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Women at, and in, the NGA

Unity Paterson

When you think of women in art, you instinctively think of women as the subject, not as the creator. 

The noble history of the female nude, the ‘femme fatale’ or the oriental odalisque are hung on the walls of every institution around the globe, and rightly so – they are beautiful works of art. What gets sifted out of art history is the female creators, whose silent careers have fallen through the cracks of a very ‘loud’ profession.

The National Gallery of Australia is one institution tackling the challenge of balancing the concerns of a contemporary audience (equal representation, diversity) with the narrative of history. While their vast collection may contain a higher proportion of women artists, the ‘blockbuster paintings’ that draw crowds or represent important historical eras, are, due to the general gist of history, done by men. Curating a work is not just the act of putting a piece on a wall. By putting a work on display, the gallery is adding its own dialogue to the narrative of art history. The duty of the NGA, as a national collection, should be to bring to light the works of female artists which history has put away in a spare room to collect dust.

'Obstruction, Box Hill' by Jane Sutherland, Ballarat Fine Art Gallery. Image: wikipedia.org/wiki/Jane_Sutherland

‘Obstruction, Box Hill’ by Jane Sutherland, Ballarat Fine Art Gallery. Image: wikipedia.org/wiki/Jane_Sutherland

Historically, art was the domain of men because it was considered a craft and a profession. All the great renaissance artists (unless they have fooled us with pseudonyms!) are men. Fast forward to the 20th century when females painted but were never artists (excluding some daredevils!). For example, Jane Sutherland, who painted in studios alongside her friend Tom Roberts in the Heidelberg School, but struggled to paint ‘en plein eir’ because she was an unchaperoned woman. Her work was never popular in its day even though she was exceptionally talented, but has finally found rightful recognition in the collection of the NGA, represented as an equal.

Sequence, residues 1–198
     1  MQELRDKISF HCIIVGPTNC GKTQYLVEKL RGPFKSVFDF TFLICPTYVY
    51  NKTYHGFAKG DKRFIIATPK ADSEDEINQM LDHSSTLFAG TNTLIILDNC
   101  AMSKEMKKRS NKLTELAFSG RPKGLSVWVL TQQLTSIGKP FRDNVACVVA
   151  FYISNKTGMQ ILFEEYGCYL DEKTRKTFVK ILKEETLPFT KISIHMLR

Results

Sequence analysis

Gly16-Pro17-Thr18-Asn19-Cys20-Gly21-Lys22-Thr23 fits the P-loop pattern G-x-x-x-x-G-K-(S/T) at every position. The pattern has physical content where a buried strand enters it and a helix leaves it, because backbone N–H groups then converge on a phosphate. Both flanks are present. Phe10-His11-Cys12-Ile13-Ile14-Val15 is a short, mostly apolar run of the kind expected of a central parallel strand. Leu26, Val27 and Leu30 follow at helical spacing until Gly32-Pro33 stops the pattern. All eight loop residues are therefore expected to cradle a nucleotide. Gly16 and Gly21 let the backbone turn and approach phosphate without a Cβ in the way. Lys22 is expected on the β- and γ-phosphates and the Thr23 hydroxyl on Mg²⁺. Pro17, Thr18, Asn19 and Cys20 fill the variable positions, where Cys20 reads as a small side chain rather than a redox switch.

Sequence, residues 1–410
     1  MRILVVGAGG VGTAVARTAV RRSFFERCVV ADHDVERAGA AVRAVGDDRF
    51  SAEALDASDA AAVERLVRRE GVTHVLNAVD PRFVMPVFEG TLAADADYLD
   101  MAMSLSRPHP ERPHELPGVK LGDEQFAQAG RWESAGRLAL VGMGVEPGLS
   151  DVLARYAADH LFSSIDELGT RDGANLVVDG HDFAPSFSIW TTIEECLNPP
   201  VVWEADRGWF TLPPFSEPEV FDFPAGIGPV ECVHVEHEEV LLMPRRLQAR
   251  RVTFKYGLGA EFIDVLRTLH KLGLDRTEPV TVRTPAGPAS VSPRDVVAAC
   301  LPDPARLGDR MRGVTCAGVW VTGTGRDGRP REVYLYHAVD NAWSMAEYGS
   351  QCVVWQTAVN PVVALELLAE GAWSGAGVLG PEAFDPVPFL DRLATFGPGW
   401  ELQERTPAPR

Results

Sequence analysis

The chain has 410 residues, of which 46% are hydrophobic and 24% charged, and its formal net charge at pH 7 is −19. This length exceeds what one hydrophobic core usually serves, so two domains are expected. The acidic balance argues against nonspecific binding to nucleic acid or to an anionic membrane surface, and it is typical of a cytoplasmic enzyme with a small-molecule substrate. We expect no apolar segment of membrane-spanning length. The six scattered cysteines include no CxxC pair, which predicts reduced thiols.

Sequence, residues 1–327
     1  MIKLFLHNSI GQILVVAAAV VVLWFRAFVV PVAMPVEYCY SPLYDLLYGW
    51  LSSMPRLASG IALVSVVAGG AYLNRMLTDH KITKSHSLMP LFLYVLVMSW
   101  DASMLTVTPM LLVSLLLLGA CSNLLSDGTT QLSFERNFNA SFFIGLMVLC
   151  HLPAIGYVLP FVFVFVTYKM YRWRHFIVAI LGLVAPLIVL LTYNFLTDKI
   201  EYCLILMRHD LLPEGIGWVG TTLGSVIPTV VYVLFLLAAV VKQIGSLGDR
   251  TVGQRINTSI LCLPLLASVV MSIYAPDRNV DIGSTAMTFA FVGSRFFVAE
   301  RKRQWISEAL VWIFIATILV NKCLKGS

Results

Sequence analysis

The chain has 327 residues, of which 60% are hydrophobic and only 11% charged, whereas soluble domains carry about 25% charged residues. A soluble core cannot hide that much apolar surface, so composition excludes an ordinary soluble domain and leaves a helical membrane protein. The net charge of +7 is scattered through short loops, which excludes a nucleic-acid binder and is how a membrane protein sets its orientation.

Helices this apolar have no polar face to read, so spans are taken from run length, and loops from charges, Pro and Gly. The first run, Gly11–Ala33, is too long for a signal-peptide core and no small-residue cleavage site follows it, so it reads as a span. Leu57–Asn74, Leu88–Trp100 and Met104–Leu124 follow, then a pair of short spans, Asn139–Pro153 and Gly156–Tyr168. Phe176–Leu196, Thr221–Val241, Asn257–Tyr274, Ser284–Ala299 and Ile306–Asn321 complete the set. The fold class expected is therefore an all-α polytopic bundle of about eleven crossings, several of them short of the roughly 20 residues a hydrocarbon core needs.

The 20th century saw women beginning to enjoy careers as prominent artists. Lee Krasner was an artist of the Abstract Expressionist movement of New York in the 1950s, but history had forgotten her name in lieu of the celebrity identities of Rothko or her husband Jackson Pollock. Her works are now on display at the NGA, sitting in a suite of abstract colour and line alongside her husband’s.

Today, many of the most prominent and respected artists in the world are female. So while the NGA regularly exhibits contemporary female artists like the Australian Heather B. Swann, they should also keep up their efforts sifting through history.

Les fleurs dédaignées by Hilda Rix Nicholas, NGA. Image: wikipedia.org/wiki/Les_fleurs_dédaignées

Les fleurs dédaignées by Hilda Rix Nicholas, NGA. Image: wikipedia.org/wiki/Les_fleurs_dédaignées

We should celebrate female artists of the past today, because we have the power to. Go to the gallery to see Pollock and Monet and Lucien Freud. But be equally as excited to see Hilda Rix Nicholas, Patricia Piccinini and Tracey Moffatt – all incredible artists who also happen to be women.

These artists and many more are on display and in the collection of the National Gallery of Australia.

Feature image: Hilda Rix Nicholas. Image: Wikipedia Commons.

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Unity Paterson

Unity originally hails from Sydney, making the leap to Australia’s capital to study at The Australian National University in 2014. Finding herself in the midst of an Art History degree, Unity remembered that she also had to pursue some other passions in her spare time, which led her to HerCanberra. She believes that Canberra has a lot to offer, and can’t wait to keep exploring as this cosy city grows each day; her ultimate goal being to finally convince her inter-state friends that Canberra is way more than just Lake Burley Griffin and roundabouts. More about the Author